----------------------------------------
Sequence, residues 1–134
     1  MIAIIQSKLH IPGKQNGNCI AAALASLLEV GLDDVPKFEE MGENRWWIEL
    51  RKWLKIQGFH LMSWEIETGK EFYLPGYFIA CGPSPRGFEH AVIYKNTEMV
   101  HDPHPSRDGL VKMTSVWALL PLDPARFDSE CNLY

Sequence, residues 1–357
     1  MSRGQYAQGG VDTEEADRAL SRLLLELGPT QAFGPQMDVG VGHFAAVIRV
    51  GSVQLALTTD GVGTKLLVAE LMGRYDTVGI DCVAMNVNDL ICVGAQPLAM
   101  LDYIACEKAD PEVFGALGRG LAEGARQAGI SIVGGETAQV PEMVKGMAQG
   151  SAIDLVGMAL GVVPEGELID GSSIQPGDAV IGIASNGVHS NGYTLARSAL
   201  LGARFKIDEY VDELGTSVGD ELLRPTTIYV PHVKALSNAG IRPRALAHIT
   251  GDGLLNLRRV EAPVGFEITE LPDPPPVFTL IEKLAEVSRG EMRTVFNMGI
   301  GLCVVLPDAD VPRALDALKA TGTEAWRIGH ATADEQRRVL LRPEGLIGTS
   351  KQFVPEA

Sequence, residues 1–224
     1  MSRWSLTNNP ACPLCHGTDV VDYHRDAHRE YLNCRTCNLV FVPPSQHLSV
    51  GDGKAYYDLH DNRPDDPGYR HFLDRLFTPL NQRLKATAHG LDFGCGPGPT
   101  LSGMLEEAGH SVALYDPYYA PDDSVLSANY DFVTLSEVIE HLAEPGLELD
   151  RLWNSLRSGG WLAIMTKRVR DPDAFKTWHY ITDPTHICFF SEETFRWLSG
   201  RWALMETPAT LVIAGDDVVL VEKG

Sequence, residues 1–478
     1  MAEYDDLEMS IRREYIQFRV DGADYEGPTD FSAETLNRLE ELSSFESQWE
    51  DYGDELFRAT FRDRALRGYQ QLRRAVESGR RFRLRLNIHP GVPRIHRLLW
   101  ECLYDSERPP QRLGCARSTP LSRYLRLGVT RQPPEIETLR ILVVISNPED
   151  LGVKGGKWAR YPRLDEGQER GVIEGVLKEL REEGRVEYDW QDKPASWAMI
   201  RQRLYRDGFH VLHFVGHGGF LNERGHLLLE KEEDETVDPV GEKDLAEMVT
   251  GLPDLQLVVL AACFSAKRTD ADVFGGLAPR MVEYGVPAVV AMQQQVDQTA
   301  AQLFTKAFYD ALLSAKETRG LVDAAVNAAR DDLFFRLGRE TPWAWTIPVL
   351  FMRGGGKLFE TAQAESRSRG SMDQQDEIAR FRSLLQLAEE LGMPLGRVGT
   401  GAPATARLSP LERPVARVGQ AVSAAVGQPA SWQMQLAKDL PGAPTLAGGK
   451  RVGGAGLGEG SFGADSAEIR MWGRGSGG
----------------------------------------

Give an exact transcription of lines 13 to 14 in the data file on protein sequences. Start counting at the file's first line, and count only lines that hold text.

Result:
   351  KQFVPEA

Sequence, residues 1–224